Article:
Since no comparison group was used as a control, Fallon said, Bransfield's patient group could result in a biased sample.
"What we need is a high quality, epidemiological, random-sampling study to address this question," Fallon said, "using standardized psychiatric measures and a standardized way of diagnosing Lyme disease."
Lee Vickson, a 65-year-old resident of Marina Valley, California, said he lived with Lyme for decades after a tick-bite left him with a rash in 1982. Not surprisingly, few if any doctors had heard of Lyme since that was the same year a medical entomologist named Willy Burgdorfer first identified the spirochete bacteria that now bears his name.
Furthermore, Lyme cases in California are rare compared to the Northeast and upper Midwest. It would be decades before Vickson was formally diagnosed.
Before his physical and mental capabilities began to deteriorate, Vickson was a martial arts instructor and a cost analyst with the U.S. Air Force. Things became so bad, Vickson said, that his duties were reduced to playing dead on a runway during military exercises.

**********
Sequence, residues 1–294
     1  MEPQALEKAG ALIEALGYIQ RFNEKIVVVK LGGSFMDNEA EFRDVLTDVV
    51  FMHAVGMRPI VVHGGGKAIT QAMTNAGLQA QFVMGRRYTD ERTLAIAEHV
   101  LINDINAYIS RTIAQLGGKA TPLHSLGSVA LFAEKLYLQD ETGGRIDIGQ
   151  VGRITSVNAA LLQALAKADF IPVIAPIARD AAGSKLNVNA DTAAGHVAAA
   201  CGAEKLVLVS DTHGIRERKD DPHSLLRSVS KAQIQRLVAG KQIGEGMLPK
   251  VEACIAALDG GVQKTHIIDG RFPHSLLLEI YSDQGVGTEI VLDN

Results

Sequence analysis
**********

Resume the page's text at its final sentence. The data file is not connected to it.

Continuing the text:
About a year after he got sick, Vickson said he went AWOL and woke up on a beach in Mexico, not knowing how he had arrived there. Lying next to him was a bottle of Scotch and a .357 Magnum. The night before, he had suffered night terrors, sweating and no sleep.
"It appears that I clocked out mentally," Vickson said. "So in my view, the bottle of Scotch saved my life because I fell asleep before I could kill myself with my .357 Magnum."
Bransfield's paper also addresses the controversial issue of chronic Lyme. He found the same psychiatric patterns in people who met the strict criteria used by the CDC to count Lyme cases and in people who were diagnosed with Lyme by doctors, regardless if they met the criteria.
"There was no significant difference in the psychiatric symptoms," Bransfield said. "Even if someone believes chronic Lyme disease is an invalid concept, there is still a valid statistical correlation that Lyme disease causes suicide."
Dr. Daniela Stokes, a Poughkeepsie-based infectious disease specialist, said there is a strong association between neuroborreliosis — a manifestation of Lyme in brain tissue — and suicide.
"Definitely, the neuroborreliosis — the late Lyme — is now considered one of the triggers for psychiatric illness, if there is a genetic predisposition," Stokes said. "It can be dormant for many years. So it's a very interesting subject. There is a lot of research needed."
Sluscavage said he hopes his fiance's story will draw attention to the issue.
"He suffered horribly with this for so many years, and had no idea," Sluscavage said. "He blamed himself."
John Ferro: 845-437-4816, firstname.lastname@example.org, Twitter: @PoJoEnviro
At a glance
Lyme disease statistics for 2015.
28,453: Confirmed cases in the United States
300,000: Estimated cases (The CDC says that Lyme disease suffers from underreporting.)
Source: Centers for Disease Control and Prevention, State Health Department